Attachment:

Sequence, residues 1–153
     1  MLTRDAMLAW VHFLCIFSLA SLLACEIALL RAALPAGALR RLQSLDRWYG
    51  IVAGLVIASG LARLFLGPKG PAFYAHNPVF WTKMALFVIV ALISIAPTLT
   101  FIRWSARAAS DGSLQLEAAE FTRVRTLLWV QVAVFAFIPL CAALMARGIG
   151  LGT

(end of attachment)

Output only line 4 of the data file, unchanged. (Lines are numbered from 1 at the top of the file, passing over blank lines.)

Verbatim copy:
   101  FIRWSARAAS DGSLQLEAAE FTRVRTLLWV QVAVFAFIPL CAALMARGIG